By Devin Zanskas

Ever since Dwight Howard left the franchise after the 2011-2012 season, the Magic never completely dug themselves out of their rebuild. Of the many players that were involved in the Dwight Howard trade, Nikola Vucevic was the only one to truly leave a lasting impact on the Magic organization. Of course, they were also able to select within the top five in the 2013, 2014, and 2015 NBA drafts, but no one that they picked during that time became superstars. None of those selections even reached the height of Vucevic in their Magic tenure. Victor Oladipo exploded onto the scene after he was another team removed from the Magic. Aaron Gordon’s best chance to make an Allstar squad was probably this year, now that he can focus on being a swiss army knife next to Nikola Jokic. Meanwhile, Mario Hezonja only played in the league for five seasons, and he never quite cracked ten points per game. After hitting the reset button again by trading Vucevic and Gordon at the 2021 trade deadline, the Magic were able to add Banchero and Wagner to Carter Jr, whom they had acquired for Vucevic. 

As advertised, Banchero had an immediate impact with his size, skill, and athleticism. Banchero’s averaging just shy of 20 points, and he’s also probably one of the Magic’s best isolation scorers of the past decade already. Every month since November, Wagner’s scoring has gone down, but he’s still averaging almost three points more than last year, which was a remarkable All-Rookie campaign. According to, Franz Wagner averages five of his 18.8 points as a pick and roll ball handler, which is more than Kawhi Leonard and Jimmy Butler. A trendy take from the media was that Carter Jr. is already better than Vucevic, which is obviously damning for the Bulls who also traded the pick that became Wagner, and a 2023 pick. While Vucevic is a better scorer and connecter, Carter Jr. has the edge on Vucevic on defense, and Carter Jr’s also had more of a chance to display his offensive chops. 

The flattened lottery odds will benefit teams like the Magic, who have continued to be a threat to other squads higher than them in the standings. For example, they defeated the Celtics in three out of their four matchups this season, and the Magic also won both of their contests against the reigning champions, the Warriors. No one can confidently predict whether or not their team will move up in the lottery, so it might be best to base one’s projections on the Magic’s current place in the standings. With the fifth-worst record in the association as of now, The Athletic’s Sam Vecenie has the University of Houston’s forward, Jarace Walker, slotted in at the number five spot. At 6’8”, Walker fits in best at a position that’s already nominally taken by Wagner and Banchero. Over the past decade, the Magic have always prioritized length and championed the idea of positionless basketball, but that didn’t quite manifest into the limitless ceiling that they imagined. The difference with the core that the Magic are developing compared to before is that they already have two focal points that could to create a better offense than what Orlando’s seen in ten years. Selecting Walker fifth overall is either a bet that Franz can play the nominal shooting guard position, or else it’s a low-upside swing on Jarace being one of the better defenders to come off the bench. After buying out Terrence Ross and Patrick Beverley, the Magic have left a void of veteran leadership, which can aid in the development of young stars and thus launch them up the standings.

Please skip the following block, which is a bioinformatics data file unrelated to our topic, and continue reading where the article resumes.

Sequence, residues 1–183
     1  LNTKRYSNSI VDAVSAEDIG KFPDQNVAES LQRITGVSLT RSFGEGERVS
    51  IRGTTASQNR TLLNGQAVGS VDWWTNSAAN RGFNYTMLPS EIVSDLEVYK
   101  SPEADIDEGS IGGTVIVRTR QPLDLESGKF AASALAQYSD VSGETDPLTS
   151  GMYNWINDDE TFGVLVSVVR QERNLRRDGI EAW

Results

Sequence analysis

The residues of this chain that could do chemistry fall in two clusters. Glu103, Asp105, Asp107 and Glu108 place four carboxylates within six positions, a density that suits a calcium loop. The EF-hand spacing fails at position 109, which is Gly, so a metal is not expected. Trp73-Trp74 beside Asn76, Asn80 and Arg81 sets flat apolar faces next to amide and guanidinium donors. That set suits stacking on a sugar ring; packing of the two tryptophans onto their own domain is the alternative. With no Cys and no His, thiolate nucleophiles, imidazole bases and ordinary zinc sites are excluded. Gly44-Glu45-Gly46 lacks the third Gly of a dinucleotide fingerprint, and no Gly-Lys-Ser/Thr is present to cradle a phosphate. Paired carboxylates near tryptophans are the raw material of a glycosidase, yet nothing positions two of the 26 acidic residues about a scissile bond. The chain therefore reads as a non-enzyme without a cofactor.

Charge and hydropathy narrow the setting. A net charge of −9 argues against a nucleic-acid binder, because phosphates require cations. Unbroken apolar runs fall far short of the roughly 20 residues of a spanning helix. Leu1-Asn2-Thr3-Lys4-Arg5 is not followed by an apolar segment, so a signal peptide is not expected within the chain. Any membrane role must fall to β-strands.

The Athletic NBA Show suggested that the Magic would possibly be in the play-in tournament if they just improved their point guard position with someone who can be an effective closer for them. There was speculation that the Magic could’ve been a suitor for Donovan Mitchell before he was acquired by the Cavs. Perhaps it worked out best for Donovan Mitchell, because the combination of Evan Mobley and Darius Garland are further along in their trajectory than Paolo Banchero and Franz Wagner. However, another Allstar caliber guard that has playoff experience and scoring prowess is Fred VanVleet, and ESPN’s Tim McMahon stated that the Magic could offer a lot of money to VanVleet. VanVleet just signed with Klutch Sports ahead of his player option. He’s not quite going to demand a maximum contract though, and it would require quite a significant pay increase to get him to $30 million annually. 

The Magic also won’t have to offer an extension around the maximum salary until the summer of 2024 when Franz is extension eligible. According to Larry Coon’s CBA FAQ, rookie scale contracts can be extended from the end of the July Moratorium to the start of the regular season immediately preceding the player’s last option season. When organizations transition from rebuilding to competing for a championship, they may postpone paying the luxury tax until they’re confident that they’re a contending team. The DeVos family has a net worth of $5.4 billion, so the luxury tax shouldn’t be as cumbersome as it would be for other owners. However, Orlando isn’t the largest market, and they’ve only paid the luxury tax three times. Luckily, the Magic have $62 million in luxury tax space for 2024, and that includes them guaranteeing the non-guaranteed salaries for Markelle Fultz, Gary Harris, and Bol Bol. It’s safe to say that the Magic have the capacity to invest in a high caliber guard, and especially after this draft, they’ll have plenty of young prospects to evaluate their progress.